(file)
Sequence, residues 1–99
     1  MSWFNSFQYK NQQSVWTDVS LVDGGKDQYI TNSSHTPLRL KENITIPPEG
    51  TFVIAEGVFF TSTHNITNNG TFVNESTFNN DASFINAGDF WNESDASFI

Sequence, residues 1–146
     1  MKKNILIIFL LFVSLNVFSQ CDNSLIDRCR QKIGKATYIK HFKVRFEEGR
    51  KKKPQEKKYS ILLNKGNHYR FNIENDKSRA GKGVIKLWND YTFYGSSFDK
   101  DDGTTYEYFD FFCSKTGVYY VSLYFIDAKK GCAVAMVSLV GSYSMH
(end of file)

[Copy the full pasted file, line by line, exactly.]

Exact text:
Sequence, residues 1–99
     1  MSWFNSFQYK NQQSVWTDVS LVDGGKDQYI TNSSHTPLRL KENITIPPEG
    51  TFVIAEGVFF TSTHNITNNG TFVNESTFNN DASFINAGDF WNESDASFI

Sequence, residues 1–146
     1  MKKNILIIFL LFVSLNVFSQ CDNSLIDRCR QKIGKATYIK HFKVRFEEGR
    51  KKKPQEKKYS ILLNKGNHYR FNIENDKSRA GKGVIKLWND YTFYGSSFDK
   101  DDGTTYEYFD FFCSKTGVYY VSLYFIDAKK GCAVAMVSLV GSYSMH